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Reference number 072307524
Max 1 Case per Customer - Phone Orders Only 0845 026 9998
£1,560.00 per case
Equivalent to £260.00 per bottle
1560 Clubcard Points
Made from 60 percent Merlot and 40 percent Cabernet Franc, Chateau Angelus 2009 is on absolutely top form - Its gives the classic 2009 vintage characteristic of sumptuous, soft, rounded fruits hiding a structure of powerful, full tannins - There are lovely exotic spice notes to this wine that mingle with the plum, cherry and blueberry fruits - A fine Angelus that should be tucked away for at least 5 years before opening, then enjoyed over the next 20+. James Griswood - Wine Buyer
17/20 Jancis Robinson
99 Points Robert Parker - The Wine Advocate 20/02/2012
A candidate for one of the finest Angelus produced to date (and there have been many, including 1989, 1990, 2000 and 2005), this blend of 60% Merlot and 40% Cabernet Franc was fashioned from tiny yields of 20 hectoliters per hectare - It boasts a black/purple color along with a gorgeous perfume of blueberry liqueur, spring flowers and graphite - In the mouth, notes of incense and cassis also emerge from this velvety-textured, full-bodied, intensely concentrated 2009 - With silky tannins, low acidity and spectacular purity, texture and depth, it is already approachable (although I’m sure proprietor Hubert de Bouard would think drinking it now is akin to infanticide), but should keep for 20-30+ years.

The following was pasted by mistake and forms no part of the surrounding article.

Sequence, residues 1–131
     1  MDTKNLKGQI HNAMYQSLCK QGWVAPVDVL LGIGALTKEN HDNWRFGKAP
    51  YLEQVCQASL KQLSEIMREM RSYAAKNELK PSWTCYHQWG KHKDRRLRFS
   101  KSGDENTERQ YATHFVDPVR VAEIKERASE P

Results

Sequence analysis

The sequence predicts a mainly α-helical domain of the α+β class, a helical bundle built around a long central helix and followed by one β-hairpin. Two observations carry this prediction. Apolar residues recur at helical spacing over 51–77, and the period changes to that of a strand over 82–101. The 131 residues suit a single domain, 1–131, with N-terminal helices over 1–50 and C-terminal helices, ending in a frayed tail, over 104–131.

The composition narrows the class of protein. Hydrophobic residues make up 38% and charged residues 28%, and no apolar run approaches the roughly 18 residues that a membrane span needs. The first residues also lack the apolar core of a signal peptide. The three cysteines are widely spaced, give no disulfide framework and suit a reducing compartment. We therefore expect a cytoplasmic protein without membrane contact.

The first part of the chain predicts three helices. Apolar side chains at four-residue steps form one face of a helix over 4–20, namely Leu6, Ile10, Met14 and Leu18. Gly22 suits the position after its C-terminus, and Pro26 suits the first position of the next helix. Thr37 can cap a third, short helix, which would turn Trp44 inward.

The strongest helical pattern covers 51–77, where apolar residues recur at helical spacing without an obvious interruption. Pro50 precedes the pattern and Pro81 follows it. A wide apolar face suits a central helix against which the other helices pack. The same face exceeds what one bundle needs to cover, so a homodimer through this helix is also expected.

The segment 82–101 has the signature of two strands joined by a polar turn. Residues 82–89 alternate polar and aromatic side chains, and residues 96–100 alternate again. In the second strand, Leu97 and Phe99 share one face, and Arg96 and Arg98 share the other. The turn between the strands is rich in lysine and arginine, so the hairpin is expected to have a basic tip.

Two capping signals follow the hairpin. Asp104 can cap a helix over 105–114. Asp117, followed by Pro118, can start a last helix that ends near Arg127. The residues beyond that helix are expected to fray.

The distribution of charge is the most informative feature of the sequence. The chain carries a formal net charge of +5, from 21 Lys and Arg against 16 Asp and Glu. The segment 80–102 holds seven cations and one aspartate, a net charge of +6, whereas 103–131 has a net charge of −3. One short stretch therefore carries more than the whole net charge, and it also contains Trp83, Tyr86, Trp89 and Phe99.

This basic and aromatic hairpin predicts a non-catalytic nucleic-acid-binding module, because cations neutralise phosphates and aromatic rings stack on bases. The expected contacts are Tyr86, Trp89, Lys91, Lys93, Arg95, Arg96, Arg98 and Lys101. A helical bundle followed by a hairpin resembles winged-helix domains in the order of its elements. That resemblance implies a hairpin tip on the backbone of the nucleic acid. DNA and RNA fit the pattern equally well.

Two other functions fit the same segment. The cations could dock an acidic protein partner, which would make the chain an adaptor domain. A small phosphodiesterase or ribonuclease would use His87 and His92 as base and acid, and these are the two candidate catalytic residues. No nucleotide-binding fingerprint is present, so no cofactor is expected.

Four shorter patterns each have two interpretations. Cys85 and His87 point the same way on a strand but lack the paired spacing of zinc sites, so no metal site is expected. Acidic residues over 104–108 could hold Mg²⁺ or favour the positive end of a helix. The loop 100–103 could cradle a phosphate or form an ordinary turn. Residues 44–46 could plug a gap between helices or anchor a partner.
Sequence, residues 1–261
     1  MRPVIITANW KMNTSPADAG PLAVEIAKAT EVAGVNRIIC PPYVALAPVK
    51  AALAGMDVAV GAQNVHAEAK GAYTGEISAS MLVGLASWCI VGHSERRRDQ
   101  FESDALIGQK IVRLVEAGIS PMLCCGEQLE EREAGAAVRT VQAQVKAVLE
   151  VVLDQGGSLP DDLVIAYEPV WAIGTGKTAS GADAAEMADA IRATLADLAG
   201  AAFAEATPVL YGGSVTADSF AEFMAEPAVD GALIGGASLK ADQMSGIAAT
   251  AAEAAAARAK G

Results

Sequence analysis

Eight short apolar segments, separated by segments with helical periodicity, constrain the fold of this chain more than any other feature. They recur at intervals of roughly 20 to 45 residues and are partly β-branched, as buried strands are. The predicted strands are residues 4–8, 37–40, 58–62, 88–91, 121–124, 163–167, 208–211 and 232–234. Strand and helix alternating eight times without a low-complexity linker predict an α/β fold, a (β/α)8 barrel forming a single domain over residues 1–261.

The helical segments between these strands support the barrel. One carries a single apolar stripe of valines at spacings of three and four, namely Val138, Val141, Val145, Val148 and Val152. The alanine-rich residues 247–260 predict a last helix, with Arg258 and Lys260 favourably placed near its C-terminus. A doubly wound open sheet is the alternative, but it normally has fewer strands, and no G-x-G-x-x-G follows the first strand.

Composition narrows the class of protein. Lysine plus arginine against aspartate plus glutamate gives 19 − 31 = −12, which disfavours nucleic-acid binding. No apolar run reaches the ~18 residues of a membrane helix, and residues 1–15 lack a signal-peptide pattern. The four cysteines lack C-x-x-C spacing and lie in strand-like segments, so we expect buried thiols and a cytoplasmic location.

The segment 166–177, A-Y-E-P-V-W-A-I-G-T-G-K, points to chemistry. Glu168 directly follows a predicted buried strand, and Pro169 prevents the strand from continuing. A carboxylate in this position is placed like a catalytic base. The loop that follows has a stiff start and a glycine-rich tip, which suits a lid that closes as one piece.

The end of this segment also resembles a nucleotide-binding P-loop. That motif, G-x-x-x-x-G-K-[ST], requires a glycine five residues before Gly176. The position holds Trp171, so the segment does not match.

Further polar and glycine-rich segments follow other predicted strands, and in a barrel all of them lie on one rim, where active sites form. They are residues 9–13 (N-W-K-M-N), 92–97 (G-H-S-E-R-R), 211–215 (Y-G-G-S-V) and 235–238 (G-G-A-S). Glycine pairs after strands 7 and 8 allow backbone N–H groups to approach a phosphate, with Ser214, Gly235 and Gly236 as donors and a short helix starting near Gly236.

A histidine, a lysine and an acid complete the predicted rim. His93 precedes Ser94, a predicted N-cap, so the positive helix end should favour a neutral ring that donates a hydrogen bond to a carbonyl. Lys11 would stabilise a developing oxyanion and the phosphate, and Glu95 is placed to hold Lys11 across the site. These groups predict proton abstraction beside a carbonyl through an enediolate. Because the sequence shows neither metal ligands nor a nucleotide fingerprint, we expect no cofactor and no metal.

St. Emilion is on the right bank of the Gironde. It is one of Bordeaux's largest producing appellations, producing more wine than much of the left bank put together! St Emilion itself is a beautiful, World Heritage Site town, perched on top of a steep limestone and clay escarpment where most of the area's best vineyards are also located. The soils here usually have a higher proportion of clay - something which helps explain why the wines typically are made more from Merlot and Cabernet Franc than the Cabernet Sauvignon wines of the Medoc. However, as noted above, Chateau Figeac is a famous exception to this rule The classification system of St. Emilion is notoriously complex and often controversial. The very best wines are classed either as "St Emilion Premier Grand Cru Classé" or "St Emilion Grand Cru Classé". Don't confuse the latter with the lesser "St Emilion Grand Cru"